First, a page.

The Australian Institute of Sport (AIS) has determined finalists for Female Athlete of the Year and Coach of the Year for the 2019 AIS Sport Performance Awards (#ASPAs), with world number one Ash Barty picking up a third nomination.
Barty is already nominated for the ABC people’s choice Sport Personality of the Year and Sporting Moment of the Year, with sporting fans able to vote on those two categories at aisawards.abc.net.au. The Coach of the Year award recognises the important role of those behind the scenes and highlights Australia’s strong performance across multiple World Championship events in 2019.
The #ASPAs are the annual celebration of Australian high-performance sport, with winners to be announced at a black-tie function at The Star, Sydney, on Tuesday 10th December 2019.
Finalists in Female Athlete of the Year are:
- Kelsey-Lee Barber (Athletics): Kelsey won the women’s javelin at the 2019 World Athletics Championships in Doha, becoming the 9th Australian to win a World Championship title since the first edition in 1983. In fourth place coming into the final round, Barber launched the winning throw of 66.56 metres to move into the gold medal position. Barber won the 2019 Australian and 2019 Oceania championships, both with personal best (PB) performances.
- Ash Barty (Tennis): While a big year had been predicted for Barty, this was truly momentous. The Queenslander’s breakthrough French Open singles triumph was the first by an Australian woman since Margaret Court in 1973 and two weeks later the 23-year-old became the world number one joining a national honour roll completed by Evonne Goolagong Cawley, John Newcombe, Pat Rafter and Lleyton Hewitt. All of this just three years after Barty’s return to tennis.
- Stephanie Gilmore (Surfing): Winner of the 2019 World Surf League event in Bali, Gilmore also took out the 2019 ISA World Surfing Games title in Miyazaki Japan, competing for Team Australia, securing World Championship Tour ranking requirements for provisional qualification for the 2020 Tokyo Olympic Games. Gilmore’s reputation for fair play, respect and integrity and her standing as a role model for sport as a leader earns her the nomination.
- Hannah Green (Golf): The 22-year-old West Australian became the first Australian to win a women’s golf major since Karrie Webb in 2006, when she took out the LPGA Championship in June. In winning the event, Green also became only the third Australian woman to win a major, after Webb and Jan Stephenson, with Green going on to win her second LPGA tour event in Portland in September.
- Jessica Fox (Canoe-Slalom): At only 25, Fox is the world’s most decorated & most successful individual canoe slalom paddler of all time, male or female. She took home seven medals at the 2019 World Cups, including three gold, bringing her overall World Cup gold medal tally to 30. Fox wrapped up the World Cup final with two gold medals in both the women’s K1 & C1 events, defending the overall World Cup crown in both classes. She won her 10th World Champion title, taking gold in the women’s C1 team with sister Noemie & Rosalyn Lawrence, securing selection to her third Olympic Games.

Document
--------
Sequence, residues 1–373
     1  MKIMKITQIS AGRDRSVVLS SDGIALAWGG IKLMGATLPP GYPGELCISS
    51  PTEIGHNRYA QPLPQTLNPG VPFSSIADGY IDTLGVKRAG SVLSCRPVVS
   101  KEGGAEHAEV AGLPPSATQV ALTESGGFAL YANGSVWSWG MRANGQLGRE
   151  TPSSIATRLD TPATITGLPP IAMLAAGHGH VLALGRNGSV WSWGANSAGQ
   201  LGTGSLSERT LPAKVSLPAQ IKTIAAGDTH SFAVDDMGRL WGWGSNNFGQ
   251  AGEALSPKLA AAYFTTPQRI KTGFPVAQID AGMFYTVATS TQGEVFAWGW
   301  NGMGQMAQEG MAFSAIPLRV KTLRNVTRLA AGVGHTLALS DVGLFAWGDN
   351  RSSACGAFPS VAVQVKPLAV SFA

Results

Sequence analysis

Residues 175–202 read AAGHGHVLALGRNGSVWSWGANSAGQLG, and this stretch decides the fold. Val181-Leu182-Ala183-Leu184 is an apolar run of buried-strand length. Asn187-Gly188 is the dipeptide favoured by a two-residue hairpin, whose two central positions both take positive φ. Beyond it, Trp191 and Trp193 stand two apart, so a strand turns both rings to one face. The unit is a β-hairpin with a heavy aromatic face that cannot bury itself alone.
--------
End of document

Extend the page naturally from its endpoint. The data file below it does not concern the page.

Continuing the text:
- Ariarne Titmus (Swimming): 19-year-old Titmus won two World Titles at the FINA World Swimming Championships in Korea in July, and in taking gold in the 400m freestyle, beat the legendary Katie Ledecky (USA) who hadn’t been defeated in a 400m free at a major event since 2012. Titmus also led off the Australian Team which won gold in the 4x200m freestyle relay, with the team setting a new World Record.
Finalists in Coach of the Year are:
- Colin Batch (Hockey): Batch guided the Australian men’s team, the Kookaburras, to victory at the inaugural FIH Pro League. The team finished first on the ladder at the end of the home and away season and went on to beat the World Number One ranked team Belgium in the final. The Kookaburras reclaimed the number one world ranking at end of FIH Pro League and scooped the individual awards winning four of the five on offer. Batch is a mentor to the two national assistant coaches and men’s National Junior coach, providing leadership and direction to not only the national programs but also the Hockey Australia talent pathway programs.
- Michael Blackburn (Sailing): As Head Coach of the Laser Class for the Australian Sailing Team, Blackburn leads a squad of five athletes, including Tokyo-bound Olympian Matt Wearn and Rio Olympic Laser gold medallist Tom Burton. Matt and Tom’s results have been world-leading, with at least one of them featuring on the podium in majority of regattas in the past 12 months.
- Tom Westgarth (Rowing): Westgarth has coached Australia’s Women’s Four to victory at the 2019 World Championships in Austria in August, with the crew undefeated at the event, in the process qualifying the boat for the 2020 Tokyo Olympic Games.
- Tim Decker (Cycling): Decker leads the track endurance program and coached the Australian men to world titles at the 2019 Track World Championships in the Team Pursuit (world record), along with the Scratch Race. Decker also guided the women’s Team Pursuit to gold.
Finalists still to be announced in other categories for the AIS Sport Performance Awards (#ASPAs) include – male athlete; male and female para-athlete; emerging athlete, leadership, the Sport Australia award, and a new category, the athlete community engagement award.
The AIS, in partnership with ABC Grandstand, has also launched a public vote to determine the ABC Sport Personality of the Year and Best Sporting Moment of the past 12 months.
ABC Grandstand is the media partner for the AIS Sport Performance Awards and Australians can vote at aisawards.abc.net.au from now until 5pm AEDT on 5 December, 2019.